Plain language v legalese Essay
Plain language v legalese
There is an ongoing debate over whether legal practitioners should use plain language in legal writing; or whether legal practitioners should carry on with tradition and write in a more lawyerly manner some call “legalese”. As with any debate, there are two opposing sides and a middle ground. Proponents of plain language believe that since legal documents are read by both legal professionals and laymen, they should be understandable to a wide audience.
Proponents of legalese believe that since legal documents are primarily written for an audience of other legal professionals, the traditional style of legal writing is perfectly understood by its intended audience. There is a long history of traditional legal writing law that sounds very important and archaic to the modern ear. Words such as substantiate, elucidate, and notwithstanding are seldom found anywhere outside of a legal document.
There are also many phrases that are rarely used outside of a legal document, such as: “until such time as”; “render assistance”; “including but not limited to”; “owing to the fact that”; and “in the event that“. The use of Latin phrases is common in traditional legal writing. The precise meaning of the phrases is obscure to readers who lack a knowledge of Latin. Latin phrases such as “habeas corpus”; “prima facie”; and “quantum meruit”; are likely widely understood only by legal professionals.
Other Latin phrases used in traditional legal writing, such as “ab initio”; “de facto”; and “ex post facto”; might be understood by a well educated audience as well as legal professionals. Boilerplate language is another convention of legal writing. So-called “boilerplate” language is a grouping of words, sentences, and sometimes lengthy paragraphs that may have meaning beyond their plain meaning. For example, clauses in a property deed for a house contain language that has been parsed, defined, and argued for decades. The precise meaning of each boilerplate clause is related to the definitions and arguments that accompany it.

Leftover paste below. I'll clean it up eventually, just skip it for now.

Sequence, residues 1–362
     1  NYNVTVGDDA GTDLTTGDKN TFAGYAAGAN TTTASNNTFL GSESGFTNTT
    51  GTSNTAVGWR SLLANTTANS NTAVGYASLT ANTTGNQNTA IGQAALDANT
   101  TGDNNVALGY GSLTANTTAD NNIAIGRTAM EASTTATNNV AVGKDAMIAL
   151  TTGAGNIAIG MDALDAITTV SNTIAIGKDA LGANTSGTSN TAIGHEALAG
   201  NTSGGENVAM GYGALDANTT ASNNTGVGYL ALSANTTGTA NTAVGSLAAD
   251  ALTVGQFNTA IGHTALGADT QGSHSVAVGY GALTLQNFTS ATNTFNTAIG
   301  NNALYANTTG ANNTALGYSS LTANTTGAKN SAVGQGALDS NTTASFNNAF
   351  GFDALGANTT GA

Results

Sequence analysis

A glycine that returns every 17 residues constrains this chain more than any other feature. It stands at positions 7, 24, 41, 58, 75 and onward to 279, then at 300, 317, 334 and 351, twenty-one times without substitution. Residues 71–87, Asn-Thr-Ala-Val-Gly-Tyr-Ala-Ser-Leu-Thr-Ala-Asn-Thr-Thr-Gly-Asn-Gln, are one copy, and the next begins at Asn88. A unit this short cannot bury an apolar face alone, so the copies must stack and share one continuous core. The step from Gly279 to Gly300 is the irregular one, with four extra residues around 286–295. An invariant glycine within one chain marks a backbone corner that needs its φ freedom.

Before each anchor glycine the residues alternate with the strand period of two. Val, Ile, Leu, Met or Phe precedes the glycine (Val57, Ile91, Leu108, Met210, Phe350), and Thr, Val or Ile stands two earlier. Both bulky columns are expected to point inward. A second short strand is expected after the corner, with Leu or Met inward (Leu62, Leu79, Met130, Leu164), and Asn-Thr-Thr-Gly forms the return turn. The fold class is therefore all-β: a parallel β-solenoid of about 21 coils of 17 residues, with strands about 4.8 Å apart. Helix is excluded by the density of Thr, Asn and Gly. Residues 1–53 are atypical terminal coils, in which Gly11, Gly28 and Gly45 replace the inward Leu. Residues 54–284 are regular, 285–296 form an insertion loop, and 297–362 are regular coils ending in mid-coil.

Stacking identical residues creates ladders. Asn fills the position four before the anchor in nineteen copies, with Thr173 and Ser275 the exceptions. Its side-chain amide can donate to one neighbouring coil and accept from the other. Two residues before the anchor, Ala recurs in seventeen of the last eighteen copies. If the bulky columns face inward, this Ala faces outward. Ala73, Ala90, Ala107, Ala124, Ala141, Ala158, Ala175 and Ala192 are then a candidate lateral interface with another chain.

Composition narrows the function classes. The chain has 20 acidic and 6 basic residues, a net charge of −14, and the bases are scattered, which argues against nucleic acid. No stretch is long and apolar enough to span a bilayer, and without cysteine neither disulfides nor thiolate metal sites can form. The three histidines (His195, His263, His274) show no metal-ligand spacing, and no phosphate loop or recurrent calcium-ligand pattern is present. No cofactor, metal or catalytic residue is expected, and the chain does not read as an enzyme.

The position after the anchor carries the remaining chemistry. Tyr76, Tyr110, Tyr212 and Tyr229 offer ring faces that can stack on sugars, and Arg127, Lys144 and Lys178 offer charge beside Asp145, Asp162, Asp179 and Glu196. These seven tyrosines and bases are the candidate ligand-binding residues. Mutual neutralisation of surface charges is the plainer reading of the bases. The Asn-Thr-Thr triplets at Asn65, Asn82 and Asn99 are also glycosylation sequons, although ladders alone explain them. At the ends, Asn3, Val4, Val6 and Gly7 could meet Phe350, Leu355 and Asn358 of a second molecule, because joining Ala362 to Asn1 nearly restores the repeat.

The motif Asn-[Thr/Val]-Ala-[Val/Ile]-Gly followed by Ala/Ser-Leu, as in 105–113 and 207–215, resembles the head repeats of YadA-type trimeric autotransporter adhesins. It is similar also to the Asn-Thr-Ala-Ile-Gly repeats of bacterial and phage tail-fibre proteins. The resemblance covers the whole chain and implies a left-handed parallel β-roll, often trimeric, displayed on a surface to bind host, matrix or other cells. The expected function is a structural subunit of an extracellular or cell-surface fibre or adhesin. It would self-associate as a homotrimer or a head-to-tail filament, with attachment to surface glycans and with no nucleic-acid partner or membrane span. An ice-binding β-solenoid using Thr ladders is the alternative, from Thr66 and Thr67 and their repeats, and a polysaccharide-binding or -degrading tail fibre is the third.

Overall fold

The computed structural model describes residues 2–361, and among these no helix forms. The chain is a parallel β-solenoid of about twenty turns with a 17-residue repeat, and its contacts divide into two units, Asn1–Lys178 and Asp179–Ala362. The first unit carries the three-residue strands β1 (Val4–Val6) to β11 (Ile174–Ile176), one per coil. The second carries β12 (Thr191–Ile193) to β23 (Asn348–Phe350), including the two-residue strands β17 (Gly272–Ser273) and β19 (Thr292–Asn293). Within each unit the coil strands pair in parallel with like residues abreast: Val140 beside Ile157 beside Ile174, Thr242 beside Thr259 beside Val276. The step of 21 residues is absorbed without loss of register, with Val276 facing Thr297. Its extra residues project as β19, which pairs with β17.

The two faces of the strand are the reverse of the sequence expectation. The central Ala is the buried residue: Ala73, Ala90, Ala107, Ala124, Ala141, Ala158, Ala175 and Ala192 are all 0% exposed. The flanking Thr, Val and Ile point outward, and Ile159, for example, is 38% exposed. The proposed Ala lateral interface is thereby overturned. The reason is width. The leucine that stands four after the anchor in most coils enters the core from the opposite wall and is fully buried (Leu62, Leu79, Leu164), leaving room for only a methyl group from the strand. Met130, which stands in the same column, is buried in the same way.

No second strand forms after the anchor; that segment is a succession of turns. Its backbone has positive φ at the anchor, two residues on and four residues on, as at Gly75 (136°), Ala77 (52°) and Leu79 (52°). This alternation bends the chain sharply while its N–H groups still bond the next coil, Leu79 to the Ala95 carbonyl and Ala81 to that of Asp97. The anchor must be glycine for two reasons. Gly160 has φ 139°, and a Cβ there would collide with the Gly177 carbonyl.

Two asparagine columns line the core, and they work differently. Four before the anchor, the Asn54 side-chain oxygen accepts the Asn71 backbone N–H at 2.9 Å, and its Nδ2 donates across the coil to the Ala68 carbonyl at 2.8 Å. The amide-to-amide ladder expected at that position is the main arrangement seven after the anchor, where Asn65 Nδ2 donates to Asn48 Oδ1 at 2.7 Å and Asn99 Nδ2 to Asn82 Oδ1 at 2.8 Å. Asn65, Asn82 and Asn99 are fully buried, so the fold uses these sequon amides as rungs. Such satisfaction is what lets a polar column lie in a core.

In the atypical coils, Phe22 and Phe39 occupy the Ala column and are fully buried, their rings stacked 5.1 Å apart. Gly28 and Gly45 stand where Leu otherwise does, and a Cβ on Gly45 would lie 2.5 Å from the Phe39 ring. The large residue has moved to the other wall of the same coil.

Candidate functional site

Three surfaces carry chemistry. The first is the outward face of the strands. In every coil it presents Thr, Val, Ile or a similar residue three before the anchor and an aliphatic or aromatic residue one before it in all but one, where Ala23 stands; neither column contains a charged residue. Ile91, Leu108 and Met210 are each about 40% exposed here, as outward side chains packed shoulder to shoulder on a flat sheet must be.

Boilerplate language refers to any language that is always the same and is perceived as standard wording, such as “standard contract” clauses. The term boilerplate originated in the days of hot metal type. Publishers would use blocks of type that were made to be unchangeable, one sheet of metal printing plate with full paragraphs, clauses, or “standard” wording on it. These metal sheets resembled a plate on a boiler, and that is how the term came about. (Black’s 1991). Another convention of traditional legal writing is its repetitiveness.
Personal pronouns, such as he, she and they; are generally not used. Instead the person’s name is used each time. Or a person’s position in a cause of action, such as defendant, plaintiff, respondent, or petitioner; is used each time. Similarly, the word “it” is seldom used. Instead the word for the thing or the word for the idea is used each time. Descriptive phrases in traditional legal writing are also confined to the same descriptive phrase each time. For example, words used to describe a vehicle would always be the same words each time they appeared in the same legal document.
A red pickup truck would always be referred to as just that, “a red pickup truck”. The descriptive words would not be changed to “a Ford truck” even though the descriptive phrase could just as easily describe the same vehicle. “Plain language” is a phrase that defies definition. Like defining art or pornography, a prevalent attitude is that there is no encompassing definition, but we know it when we see it. Would it be fair to say that plain language is language that most people easily understand? That question begs for the next question, who is “most” people; and what is their level of understanding?
So, then when we speak of plain language in legal writing, does that mean at a reading level that all or most adults can comprehend? Does plain language in legal writing mean only college educated adults? According to the most recent National Adult Literacy Study: “The National Literacy Survey shows that the average adult in the U. S. reads at the 7th grade level, with nearly 50% below the 6th grade level and over 80% below the 10th grade level. ” (DuBay, 2004). So does that mean that plain language in legal writing should be written at a 7th grade reading level?
In 1969 Harry McLaughlin devised the SMOG readability formula and it is still commonly used today. To use McLaughlin’s formula “count the words of three or more syllables in three ten sentence samples, estimate the square root, and add three. ” The number generated is the readability score which corresponds to the reading grade level at which the paper could be read and understood. There is a deviation of plus or minus 1. 5. On his website, McLaughlin offers a readability calculator, just copy and paste any document into the box, and the calculator generates a readability score for that document.